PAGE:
Partial Access?
Interesting second half of the public access piece, which, I think, was close to at least what I think represents the public access picture. I understand why you'd start with what you did, pulling something "interesting" out of the channels, but you've got to know it doesn't represent the content. The Planet has, in this case, emphasized what's hardly present and de-emphasized the public outreach and community programming efforts over the past few years.

Given this era of corporate journalism in which five major corporations own most of the media in the United States, public access is one of the few places outside the Internet that people can go to express their views and we can find something that hasn't been pre-digested and sanitized for public consumption. I admit, some of the public affairs stuff is not always scintillating, and certainly we've got plenty of the psychic and religious programming you mention, but we offer the opportunity for people and community and other organizations to do so much more. And, more than a few times, public access offers something original and even unique that can make a difference.

As more and more mainstream media look and sound and read more and more the same, public access, if we can keep it alive, has the potential to be an even more valuable alternative for ideas and information and less the "camp" experience you say it is. I'd think during a time when people are participating in grassroots efforts of media reform, that those of us most interested in viewpoints and perspectives outside the mainstream would, if not nurture, at least attempt to fairly represent those few that exist outside the Internet.

Robert Dardenne
Board of Directors, Speak Up Tampa Bay/TBCN

GREAT story on the history of public access TV! Loved the pics of everyone's favorite TV doctor Doc Conley! Keep it up! I truly believe public access TV is one of the last forms of free speech now. With Bush in office, who knows for how long, but I have been a fan for years and will continue to be in years to come. I think the Planet should do interviews, updates, whatever they can with public access. The Weekly Planet and Public Access TV are great together.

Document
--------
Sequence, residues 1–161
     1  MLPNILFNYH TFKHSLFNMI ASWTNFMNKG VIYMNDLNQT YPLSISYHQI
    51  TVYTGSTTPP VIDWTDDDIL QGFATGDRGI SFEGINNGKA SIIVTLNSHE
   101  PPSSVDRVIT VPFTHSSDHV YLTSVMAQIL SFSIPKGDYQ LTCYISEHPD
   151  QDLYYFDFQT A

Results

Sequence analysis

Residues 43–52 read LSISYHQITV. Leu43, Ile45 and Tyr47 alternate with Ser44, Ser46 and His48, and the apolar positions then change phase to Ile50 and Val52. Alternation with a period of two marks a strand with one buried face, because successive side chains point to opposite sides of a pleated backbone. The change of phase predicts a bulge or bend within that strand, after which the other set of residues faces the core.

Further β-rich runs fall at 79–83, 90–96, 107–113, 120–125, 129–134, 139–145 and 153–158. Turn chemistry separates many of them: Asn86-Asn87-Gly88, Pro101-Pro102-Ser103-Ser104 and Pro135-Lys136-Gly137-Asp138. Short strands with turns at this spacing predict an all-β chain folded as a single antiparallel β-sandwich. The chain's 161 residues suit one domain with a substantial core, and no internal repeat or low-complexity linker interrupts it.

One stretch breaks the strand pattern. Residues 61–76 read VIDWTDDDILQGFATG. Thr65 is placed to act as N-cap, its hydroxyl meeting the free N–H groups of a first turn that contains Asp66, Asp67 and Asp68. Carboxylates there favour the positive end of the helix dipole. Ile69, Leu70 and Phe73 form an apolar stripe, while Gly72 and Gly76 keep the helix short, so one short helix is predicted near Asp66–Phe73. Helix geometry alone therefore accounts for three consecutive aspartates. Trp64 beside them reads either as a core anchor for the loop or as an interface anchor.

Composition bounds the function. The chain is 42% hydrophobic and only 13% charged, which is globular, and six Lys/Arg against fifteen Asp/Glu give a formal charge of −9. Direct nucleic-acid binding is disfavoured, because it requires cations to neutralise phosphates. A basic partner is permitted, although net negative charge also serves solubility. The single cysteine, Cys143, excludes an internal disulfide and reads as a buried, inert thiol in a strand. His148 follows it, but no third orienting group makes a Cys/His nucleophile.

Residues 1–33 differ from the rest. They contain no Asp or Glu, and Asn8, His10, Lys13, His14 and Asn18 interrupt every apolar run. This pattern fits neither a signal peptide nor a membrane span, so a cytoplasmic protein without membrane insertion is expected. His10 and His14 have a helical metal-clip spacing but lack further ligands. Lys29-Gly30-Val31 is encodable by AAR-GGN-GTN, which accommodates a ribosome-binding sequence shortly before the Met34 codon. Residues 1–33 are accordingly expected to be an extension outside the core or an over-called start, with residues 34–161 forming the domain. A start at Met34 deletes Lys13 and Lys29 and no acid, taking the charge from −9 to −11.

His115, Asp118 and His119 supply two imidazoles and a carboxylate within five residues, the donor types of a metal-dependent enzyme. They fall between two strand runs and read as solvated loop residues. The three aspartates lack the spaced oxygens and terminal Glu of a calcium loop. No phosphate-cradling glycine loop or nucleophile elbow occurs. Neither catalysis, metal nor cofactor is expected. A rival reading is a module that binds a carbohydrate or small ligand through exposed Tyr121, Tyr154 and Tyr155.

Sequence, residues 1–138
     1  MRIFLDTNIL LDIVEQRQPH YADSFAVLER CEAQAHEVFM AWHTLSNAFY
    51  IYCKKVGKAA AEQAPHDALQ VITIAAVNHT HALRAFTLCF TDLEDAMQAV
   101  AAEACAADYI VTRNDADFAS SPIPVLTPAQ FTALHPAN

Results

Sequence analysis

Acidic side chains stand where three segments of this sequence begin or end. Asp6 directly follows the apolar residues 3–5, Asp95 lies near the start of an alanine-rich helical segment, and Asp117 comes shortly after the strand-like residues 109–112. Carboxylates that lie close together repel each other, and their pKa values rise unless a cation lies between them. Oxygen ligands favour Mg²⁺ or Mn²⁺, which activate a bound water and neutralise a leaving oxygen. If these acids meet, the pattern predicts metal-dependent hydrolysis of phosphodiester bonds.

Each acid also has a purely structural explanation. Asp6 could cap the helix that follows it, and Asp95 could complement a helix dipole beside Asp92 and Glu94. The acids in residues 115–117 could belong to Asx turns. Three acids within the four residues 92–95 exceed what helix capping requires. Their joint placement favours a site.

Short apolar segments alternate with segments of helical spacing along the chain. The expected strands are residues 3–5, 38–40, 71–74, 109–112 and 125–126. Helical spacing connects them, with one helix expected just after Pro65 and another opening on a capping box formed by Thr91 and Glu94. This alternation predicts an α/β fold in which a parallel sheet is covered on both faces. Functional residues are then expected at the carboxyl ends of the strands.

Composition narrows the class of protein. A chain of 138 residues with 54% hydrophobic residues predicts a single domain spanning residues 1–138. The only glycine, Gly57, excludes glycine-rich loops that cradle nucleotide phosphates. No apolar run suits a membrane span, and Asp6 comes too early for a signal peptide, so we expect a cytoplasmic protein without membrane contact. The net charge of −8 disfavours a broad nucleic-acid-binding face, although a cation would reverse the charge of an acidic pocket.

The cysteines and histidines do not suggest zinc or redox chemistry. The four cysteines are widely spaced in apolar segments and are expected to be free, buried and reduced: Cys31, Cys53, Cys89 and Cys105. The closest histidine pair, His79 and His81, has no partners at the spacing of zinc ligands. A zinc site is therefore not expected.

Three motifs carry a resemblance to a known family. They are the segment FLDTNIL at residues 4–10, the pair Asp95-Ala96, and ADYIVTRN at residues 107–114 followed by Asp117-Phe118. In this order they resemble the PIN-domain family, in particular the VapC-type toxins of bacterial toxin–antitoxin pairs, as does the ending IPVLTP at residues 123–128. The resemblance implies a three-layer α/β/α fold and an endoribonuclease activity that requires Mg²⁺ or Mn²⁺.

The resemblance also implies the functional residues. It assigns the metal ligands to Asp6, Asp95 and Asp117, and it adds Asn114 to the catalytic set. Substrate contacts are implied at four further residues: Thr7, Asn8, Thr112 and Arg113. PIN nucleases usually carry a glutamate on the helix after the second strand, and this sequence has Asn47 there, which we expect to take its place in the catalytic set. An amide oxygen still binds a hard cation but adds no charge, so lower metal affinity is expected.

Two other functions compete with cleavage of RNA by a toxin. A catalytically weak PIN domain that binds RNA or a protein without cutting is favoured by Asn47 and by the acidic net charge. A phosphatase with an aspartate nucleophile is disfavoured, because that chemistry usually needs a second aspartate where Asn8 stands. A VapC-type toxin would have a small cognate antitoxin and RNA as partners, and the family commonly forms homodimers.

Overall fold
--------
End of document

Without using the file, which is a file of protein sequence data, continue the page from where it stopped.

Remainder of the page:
Robb Beukema

Sad Memory
Your article on Todd Smith brought back memories of news reports, first of his disappearance, then his murder. I did not know him personally, but read his work. I remember being so moved while reading about his ambition and bravery to cover stories that endangered his life.

We've gone from guerrillas to terrorists. It doesn't matter what the buzzword of the moment is ... they are simply evil people. And unfortunately evil people have been and always will be part of our worldwide society. Thank goodness there are people like Todd, you, media such as The Weekly Planet and WMNF that continue to put their lives on the line, to give us a glimmer of the truth. At the same time it saddens me that valuable lives are wasted to report the evil men do. Same as it ever was.

Anna Cooke

Thanks But No Thanks
Thanks for the review. We appreciate the time you took to hear our music (in another language) and write words that we thought were fitting for the product we presented. We figured you would like "Adrenalina" and we have made "Alejamiento" an acoustic ballad for some months now. The Latin music market is going through a complete overhaul as we speak and "Spanish Rock" as a genre is wide open — we'll just evolve with the market.

Sammy Agosto
Espiritus 3D

You must have been smoking some pretty heavy stuff when you wrote your "review" about Jeff O'Kelley's CD. Did he pay you? Is he blackmailing you? Did he save your life recently? Whatever the case, your review missed the mark and you need to re-evaluate your situation when it comes to reviewing music. Most of the time, you don't do half bad, however, this time you are dead wrong. As his music is the same, DEAD.

Brian Thomas

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